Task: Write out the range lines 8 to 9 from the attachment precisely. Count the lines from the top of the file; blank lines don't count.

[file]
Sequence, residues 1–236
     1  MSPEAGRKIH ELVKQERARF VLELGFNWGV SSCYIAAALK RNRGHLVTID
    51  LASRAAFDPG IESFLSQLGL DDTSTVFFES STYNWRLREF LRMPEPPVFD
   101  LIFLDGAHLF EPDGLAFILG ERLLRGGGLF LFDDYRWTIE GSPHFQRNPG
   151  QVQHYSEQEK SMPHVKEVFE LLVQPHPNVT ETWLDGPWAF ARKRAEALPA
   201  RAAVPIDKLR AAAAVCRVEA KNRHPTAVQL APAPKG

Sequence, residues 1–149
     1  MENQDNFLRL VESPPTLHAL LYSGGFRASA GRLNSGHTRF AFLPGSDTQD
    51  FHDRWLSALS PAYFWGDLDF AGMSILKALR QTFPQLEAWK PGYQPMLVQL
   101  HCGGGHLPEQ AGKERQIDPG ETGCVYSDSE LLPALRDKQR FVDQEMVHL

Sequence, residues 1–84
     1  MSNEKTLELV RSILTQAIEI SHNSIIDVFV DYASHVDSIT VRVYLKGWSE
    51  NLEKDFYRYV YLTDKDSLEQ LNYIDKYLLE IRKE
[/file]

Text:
     1  MENQDNFLRL VESPPTLHAL LYSGGFRASA GRLNSGHTRF AFLPGSDTQD
    51  FHDRWLSALS PAYFWGDLDF AGMSILKALR QTFPQLEAWK PGYQPMLVQL